Baron Orgaz by Frank Lauria (Open Road Media, 2015)
Baron Orgaz is one of several Doctor Orient novels by Frank Lauria. I first heard of Dr. Orient from writer Derrick Ferguson who referred to the Dr. Orient character as an “Occult Doc Savage”. Of course, I had to sample this series as I’d never encountered it before. Since all the Dr.Orient novels are available as e-books, it is easier to find them than it used to be. They were part of the seventies paperback explosion which I view as the second coming of pulp literature in America. We’re in the midst of the third Great Pulp Awakening, due to the electronic book reader.
Dr. Owen Orient is a medical doctor who uses his occult knowledge to fight the forces of evil. He operates out of a town house in Manhattan and travels in circles of the rich and powerful. He’s a man of great learning who had a vast library of mystical lore at his disposal. He understands the evil that lurks in the hearts of men and knows how to fight it. But he is also a humble man who is full of inner doubt. He shares his life with a s woman by the name of Lady Lilith Sativa. There are eight Dr. Orient adventures in all and the author published his latest one, Demon Pope, last year.
The book oozes The 70’s Planet. It’s filled with references to the occult concerns which were so popular in that decade which unleashed Star Wars and Pet Rocks. Central to the book is The Crystal Skull, which was in the news until discovered to be a fake. There’s also a Boys From Brazil plot involving The Supersonic Nazi Hell Creatures . And you have to love the title, I’m not the only one who finds it a giggle, it fits nicely with the Flavius Nastius school of Villain’s names.
The plot runs all over the place, but it concerns an attempt by gay Nazi’s to take over the world by occult means. If anyone knows their history about Shickel Grover and his minions, they will understand the National Socialist German Workers’ Party held a fascination for ancient artifacts, lost relics, Hollow Earth Theory and Frost Giants. The SA was organized as a Nazi paramilitary militia led by Eric Rhom and his boyfriends until Hitler brought the end to that party during the Night of the Long Knives. So I give the author credit for wrapping a strange bit of pre-World War 2 history into this novel.
The novel begins with a scene a seventies leather bar in New York City. The hero returns to it as part of his investigation later on. The detail of the bar is graphic, adding a bit of realism to the book:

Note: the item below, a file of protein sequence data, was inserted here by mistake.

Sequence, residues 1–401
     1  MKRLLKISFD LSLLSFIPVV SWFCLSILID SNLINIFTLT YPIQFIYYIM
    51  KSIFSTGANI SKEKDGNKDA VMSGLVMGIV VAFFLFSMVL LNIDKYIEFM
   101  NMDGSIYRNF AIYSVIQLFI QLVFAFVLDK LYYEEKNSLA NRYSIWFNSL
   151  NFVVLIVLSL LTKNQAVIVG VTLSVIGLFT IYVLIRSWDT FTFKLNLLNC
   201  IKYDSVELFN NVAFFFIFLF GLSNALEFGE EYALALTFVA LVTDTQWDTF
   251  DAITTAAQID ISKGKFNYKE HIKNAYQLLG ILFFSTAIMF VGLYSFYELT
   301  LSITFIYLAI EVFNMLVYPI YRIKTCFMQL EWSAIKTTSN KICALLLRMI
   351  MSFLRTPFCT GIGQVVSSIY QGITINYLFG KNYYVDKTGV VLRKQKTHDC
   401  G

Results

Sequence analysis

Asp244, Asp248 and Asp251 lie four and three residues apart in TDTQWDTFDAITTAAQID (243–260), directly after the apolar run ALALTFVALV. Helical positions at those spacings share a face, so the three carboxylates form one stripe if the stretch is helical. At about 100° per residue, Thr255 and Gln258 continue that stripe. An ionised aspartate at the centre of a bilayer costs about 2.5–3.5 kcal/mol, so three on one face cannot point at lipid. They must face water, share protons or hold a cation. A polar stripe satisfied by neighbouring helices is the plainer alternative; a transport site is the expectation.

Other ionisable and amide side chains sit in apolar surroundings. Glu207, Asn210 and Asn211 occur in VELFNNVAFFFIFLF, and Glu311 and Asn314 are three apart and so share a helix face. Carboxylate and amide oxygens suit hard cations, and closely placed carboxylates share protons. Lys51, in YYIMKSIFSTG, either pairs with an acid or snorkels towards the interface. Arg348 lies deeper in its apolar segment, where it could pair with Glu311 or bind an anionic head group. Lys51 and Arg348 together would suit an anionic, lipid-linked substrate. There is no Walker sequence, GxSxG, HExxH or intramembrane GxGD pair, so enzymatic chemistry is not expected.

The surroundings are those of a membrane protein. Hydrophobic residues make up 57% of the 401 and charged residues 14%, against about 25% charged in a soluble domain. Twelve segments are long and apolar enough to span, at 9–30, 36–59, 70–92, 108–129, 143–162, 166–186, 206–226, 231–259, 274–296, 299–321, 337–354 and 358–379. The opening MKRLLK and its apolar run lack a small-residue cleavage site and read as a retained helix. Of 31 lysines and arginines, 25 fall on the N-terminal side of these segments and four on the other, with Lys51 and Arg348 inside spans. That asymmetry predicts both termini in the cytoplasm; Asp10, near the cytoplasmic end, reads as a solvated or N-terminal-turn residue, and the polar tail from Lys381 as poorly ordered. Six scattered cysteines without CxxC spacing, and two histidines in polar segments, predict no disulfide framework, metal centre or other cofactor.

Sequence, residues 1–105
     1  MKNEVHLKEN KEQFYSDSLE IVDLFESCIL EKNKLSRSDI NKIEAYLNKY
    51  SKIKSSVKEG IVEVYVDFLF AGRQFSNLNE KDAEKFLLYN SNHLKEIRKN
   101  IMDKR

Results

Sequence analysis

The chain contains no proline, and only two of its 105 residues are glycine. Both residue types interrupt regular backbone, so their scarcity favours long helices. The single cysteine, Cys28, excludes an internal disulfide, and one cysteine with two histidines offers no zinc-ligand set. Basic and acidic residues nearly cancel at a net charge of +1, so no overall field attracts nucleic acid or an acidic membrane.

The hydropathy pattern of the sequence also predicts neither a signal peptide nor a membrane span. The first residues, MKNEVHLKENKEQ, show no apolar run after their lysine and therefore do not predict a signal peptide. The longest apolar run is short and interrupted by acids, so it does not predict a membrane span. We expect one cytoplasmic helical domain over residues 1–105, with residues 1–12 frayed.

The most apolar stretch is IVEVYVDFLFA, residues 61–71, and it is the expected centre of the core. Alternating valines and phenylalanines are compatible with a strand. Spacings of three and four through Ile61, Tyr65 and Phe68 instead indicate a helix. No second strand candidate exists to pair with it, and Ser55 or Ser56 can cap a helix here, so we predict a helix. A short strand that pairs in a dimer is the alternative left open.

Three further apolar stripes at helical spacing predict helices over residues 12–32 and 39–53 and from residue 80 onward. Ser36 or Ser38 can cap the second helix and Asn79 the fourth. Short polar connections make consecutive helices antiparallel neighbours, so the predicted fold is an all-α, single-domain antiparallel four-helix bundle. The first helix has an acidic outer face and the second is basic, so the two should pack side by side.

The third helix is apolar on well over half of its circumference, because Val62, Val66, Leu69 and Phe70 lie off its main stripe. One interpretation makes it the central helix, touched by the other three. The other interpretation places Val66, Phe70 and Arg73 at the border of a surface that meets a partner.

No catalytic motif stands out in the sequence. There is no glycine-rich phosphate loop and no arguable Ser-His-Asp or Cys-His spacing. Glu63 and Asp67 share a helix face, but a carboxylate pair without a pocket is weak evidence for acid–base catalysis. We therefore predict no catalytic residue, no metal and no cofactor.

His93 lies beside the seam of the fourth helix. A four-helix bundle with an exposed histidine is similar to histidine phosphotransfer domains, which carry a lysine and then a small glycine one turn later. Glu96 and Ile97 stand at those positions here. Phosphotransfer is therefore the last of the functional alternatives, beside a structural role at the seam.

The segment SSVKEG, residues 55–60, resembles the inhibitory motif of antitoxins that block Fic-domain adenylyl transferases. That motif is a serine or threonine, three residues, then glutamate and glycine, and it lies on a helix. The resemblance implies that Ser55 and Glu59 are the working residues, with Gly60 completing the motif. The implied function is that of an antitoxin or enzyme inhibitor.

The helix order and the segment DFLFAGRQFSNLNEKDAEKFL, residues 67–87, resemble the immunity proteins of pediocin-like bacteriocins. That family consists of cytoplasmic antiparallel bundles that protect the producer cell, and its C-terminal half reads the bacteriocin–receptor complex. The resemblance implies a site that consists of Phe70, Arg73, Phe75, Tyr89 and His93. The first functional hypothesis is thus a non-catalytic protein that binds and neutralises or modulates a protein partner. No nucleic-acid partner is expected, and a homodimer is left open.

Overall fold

“….The Panther’s Lair was crowded with men dressed almost identically in black leather jackets, motorcycle caps, tight jeans, and engineer boots. Most of them had the polished beaks of their caps pulled low over their eyes, giving them a menacing air. As he elbowed his way to the bar, it struck Orient that he hadn’t seen a single motorcycle among the Caddies and Lincolns parked outside.
The music was loud and conversation muted in the smoky room. Unlike the determined hilarity of the other gay bars listed in Arnold’s book, everyone seemed intently grim. As if they were killing time between buses. In fact, it occurred to Orient that the proprietors were intentionally trying to imitate the dreariness of an all-night terminal.”
The scene begins with a bored office worker named Arnold at the above mentioned gay leather bar. Picked up by some leather bikers who take him home, he is stripped down, branded and sacrificed in front of a crystal skull which appears to be based on the famous crystal skull found at a Mayan archeology site (actually bought at an auction). When the young man turns up missing, his mother contacts Dr. Orient, who is in the process of producing his own documentary film on psychic phenomena. His relationship with his live-in lover, Lady Sativa, is going nowhere and she ends up leaving him for a mysterious German noble. Along the way we learn about her interest in tantra and lunar rites.
As Dr.Orient investigates the mysterious disappearance of the young man, strange spectral phenomena takes place: glass breaks, he is the victim of a psychic attack. The vanished young man turns up dead, plunging Dr. Orient into the velvet underground of leathersex and bondage. Faster than you can say “shiny, shiny boots of leather”, Dr.Orient is busy trying to exhume bodies and perform exorcism rituals. He’s assisted by his loyal aide Sordi, an older man who acts as sidekick to this psychic Operator Five.
One of the more interesting characters in the book is an old gay secret agent who drops in and out of the narrative at various times in the book. You’re never quite sure whose side he is on until the end of the novel. The man shoots fire in every scene he’s used. I can’t figure out if he’s supposed to be satire or based on some real person. It was one of the trademarks of seventies pulp fiction where stereotypes dissolved and reformed over and over again.
Here is his introduction:
“Oliver Fish was standing with Sordi at the Moviola, a goblet of crushed strawberries and champagne in one hand, and holding an ivory swagger stick in the other. He was about fifty-five, wore a carefully waxed Kiplingesque moustache, and carried his tall, portly frame with the concerned stoop of the school-tie soldier. From there, however, his appearance soared to the baroque. Like some colonial officer who’d tuned in, and turned to divine elegance, his long, snowy hair was swept back to reveal a single earring, while his rounded torso was adorned with a purple velvet tunic upon which dangled a variety of necklaces, pendants, and amulets.”
If you desire a fun trip through the pyramid obsession and pop occultism of the seventies in one book, this is the one to read.